Scott Berg -- Needham -- Analyst

Great. Super helpful. Thanks. And congrats again on the good quarter.

Aaron B. Skonnard -- Co-Founder, Chief Executive Officer and Chairman

Thanks.

Operator

Your next question comes from the line of Jeff Miller from Baird. Your line is open.

Jeff Miller -- Baird -- Analyst

Yeah. Thank you. So you call about the sizable revenue beat on the quarter. But for being a heavily subscription business that usually has pretty good predictability. It's not clear to me what drove that. So, maybe some more detail there?

Aaron B. Skonnard -- Co-Founder, Chief Executive Officer and Chairman

Yeah. Jeff, I'm happy to share. So, I think if we take you back three months, we were in a world where the vast majority of customers or vast majority of companies were not providing any guidance. Given the somewhat predictability of our model and the strength we saw in the business, we thought it was appropriate for us to give guidance. And the middle ground we found is that, we gave a little bit more conservative guidance than we normally would have. So there's a function of conservativism in there. And there's a function of just, I think, really good -- really good execution in the quarter. We had -- our customers continue to pay us, so we didn't have any giant reserves we had to take against unpaying customers, which would have been a negative hit to revenue. We continue to execute through giving a free month of April to a big chunk of our B2C and continue to execute there. And we continue to deliver value to our customers that allowed us to continue to recognize the revenue there. So, I think it's a combination of just being conservative 90 days ago to your point, fair point, and also executing really well in the quarter.

Jeff Miller -- Baird -- Analyst

Okay, great. And then, may be Aaron on the evolution of the content, if you could just speak to it. Just how important are kind of the -- is the interactive content, the interactive courses and projects in terms of minutes viewed or viewership at this point? And just any other kind of evolution of the content, like what percentage is kind of content from the big three cloud providers? Just anything you call on content demand evolution?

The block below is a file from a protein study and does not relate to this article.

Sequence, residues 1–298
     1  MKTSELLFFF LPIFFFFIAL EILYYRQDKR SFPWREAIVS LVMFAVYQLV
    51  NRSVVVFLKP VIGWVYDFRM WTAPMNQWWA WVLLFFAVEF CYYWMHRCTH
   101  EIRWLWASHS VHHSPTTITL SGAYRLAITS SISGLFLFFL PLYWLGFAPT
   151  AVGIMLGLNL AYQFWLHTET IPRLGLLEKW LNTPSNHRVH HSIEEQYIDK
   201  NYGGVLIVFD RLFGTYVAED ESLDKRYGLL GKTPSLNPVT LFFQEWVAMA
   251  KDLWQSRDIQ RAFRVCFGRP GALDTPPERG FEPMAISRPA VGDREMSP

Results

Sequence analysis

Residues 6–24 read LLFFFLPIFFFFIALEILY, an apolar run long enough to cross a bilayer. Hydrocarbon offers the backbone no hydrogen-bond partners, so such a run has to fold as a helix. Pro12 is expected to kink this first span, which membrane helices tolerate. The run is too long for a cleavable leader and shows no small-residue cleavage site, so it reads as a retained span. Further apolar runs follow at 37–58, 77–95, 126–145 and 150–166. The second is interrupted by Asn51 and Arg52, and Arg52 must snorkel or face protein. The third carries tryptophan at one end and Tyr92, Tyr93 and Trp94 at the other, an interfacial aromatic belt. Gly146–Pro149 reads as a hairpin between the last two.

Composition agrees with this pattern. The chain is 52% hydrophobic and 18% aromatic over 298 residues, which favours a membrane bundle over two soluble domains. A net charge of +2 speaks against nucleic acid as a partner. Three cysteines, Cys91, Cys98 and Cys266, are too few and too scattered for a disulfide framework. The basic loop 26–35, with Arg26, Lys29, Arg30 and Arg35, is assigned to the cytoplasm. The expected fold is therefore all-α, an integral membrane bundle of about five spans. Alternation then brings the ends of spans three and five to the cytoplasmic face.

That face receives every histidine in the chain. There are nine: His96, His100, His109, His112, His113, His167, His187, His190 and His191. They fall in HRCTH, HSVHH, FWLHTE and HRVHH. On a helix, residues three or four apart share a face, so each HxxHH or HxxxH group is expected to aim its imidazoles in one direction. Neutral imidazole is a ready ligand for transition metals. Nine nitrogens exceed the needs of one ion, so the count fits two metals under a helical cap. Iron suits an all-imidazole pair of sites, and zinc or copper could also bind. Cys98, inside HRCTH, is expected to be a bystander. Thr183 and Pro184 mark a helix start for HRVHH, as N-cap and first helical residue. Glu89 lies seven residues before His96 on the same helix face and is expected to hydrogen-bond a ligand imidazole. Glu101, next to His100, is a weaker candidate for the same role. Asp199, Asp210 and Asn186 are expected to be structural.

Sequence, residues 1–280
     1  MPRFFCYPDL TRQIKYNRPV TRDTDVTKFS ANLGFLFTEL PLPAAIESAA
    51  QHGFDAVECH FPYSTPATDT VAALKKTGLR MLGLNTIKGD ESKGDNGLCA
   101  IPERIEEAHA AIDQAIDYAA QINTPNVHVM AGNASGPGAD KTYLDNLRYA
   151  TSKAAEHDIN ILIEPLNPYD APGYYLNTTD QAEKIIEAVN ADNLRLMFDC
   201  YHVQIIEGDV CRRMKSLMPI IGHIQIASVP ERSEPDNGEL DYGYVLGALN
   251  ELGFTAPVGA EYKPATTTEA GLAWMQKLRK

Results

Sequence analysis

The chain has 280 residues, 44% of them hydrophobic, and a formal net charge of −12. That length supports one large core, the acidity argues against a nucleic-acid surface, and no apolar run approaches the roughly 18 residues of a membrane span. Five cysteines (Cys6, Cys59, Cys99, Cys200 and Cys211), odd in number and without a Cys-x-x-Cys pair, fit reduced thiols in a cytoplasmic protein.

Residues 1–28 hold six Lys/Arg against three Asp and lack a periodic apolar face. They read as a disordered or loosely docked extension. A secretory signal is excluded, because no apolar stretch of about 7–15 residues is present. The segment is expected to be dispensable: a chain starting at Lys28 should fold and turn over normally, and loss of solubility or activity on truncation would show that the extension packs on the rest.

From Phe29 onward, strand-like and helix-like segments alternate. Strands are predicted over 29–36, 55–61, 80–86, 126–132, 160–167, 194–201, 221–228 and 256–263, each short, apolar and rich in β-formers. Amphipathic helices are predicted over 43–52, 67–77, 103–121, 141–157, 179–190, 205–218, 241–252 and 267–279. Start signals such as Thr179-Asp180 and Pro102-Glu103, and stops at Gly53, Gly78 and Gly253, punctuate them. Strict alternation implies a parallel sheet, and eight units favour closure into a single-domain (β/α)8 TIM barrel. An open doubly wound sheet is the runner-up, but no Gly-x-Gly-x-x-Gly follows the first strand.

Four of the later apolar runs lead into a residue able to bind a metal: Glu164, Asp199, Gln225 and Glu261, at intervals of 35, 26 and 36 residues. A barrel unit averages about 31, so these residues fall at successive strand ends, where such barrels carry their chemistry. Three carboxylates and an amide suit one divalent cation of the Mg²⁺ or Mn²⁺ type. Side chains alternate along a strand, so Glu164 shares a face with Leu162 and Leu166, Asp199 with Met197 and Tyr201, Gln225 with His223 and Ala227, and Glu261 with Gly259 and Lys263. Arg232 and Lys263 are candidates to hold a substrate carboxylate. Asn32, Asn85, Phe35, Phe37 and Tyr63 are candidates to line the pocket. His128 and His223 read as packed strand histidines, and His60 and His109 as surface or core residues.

Aaron B. Skonnard -- Co-Founder, Chief Executive Officer and Chairman

Yeah, from a content perspective, we definitely see the most demand in areas like cloud, data science, machine learning, AI and cybersecurity, as well as our core sort of software development languages, frameworks that are sort of bread and butter for us. And the big three are obviously very focused on the cloud today, and so, we're very focused there with them. That remains a top priority for us as a business. We also see new opportunities in space -- in the other spaces I mentioned, like AI, data science, machine learning and cyber. And you also mentioned the interactive pieces or what we like to call the hands on learning components of our platform, like our interactive courses and project experiences. Those remain a very high priority for us today and we're intending to invest even more deeply in this hands on domain in the quarters ahead. And it will be a big theme for us in 2021. So, stay tuned. We'll have more to share at LIVE in October. And I'm really excited about what those developments will mean for our customers.

Jeff Miller -- Baird -- Analyst

Thank you.

Operator

Your next question from the line of Stephen Sheldon from William Blair. Please go ahead.

Stephen Sheldon -- William Blair -- Analyst

Hi. Thanks. First I wanted to ask about the, I guess, the progress of B2B billings throughout the quarter and into early July. Did anything changed materially throughout the quarter, either in terms of a pickup or slowdown in year-over-year growth? And based upon what you can see at this point, can you talk about updated B2B billings growth expectations over the rest of this year?

James W. Budge -- Chief Financials Officer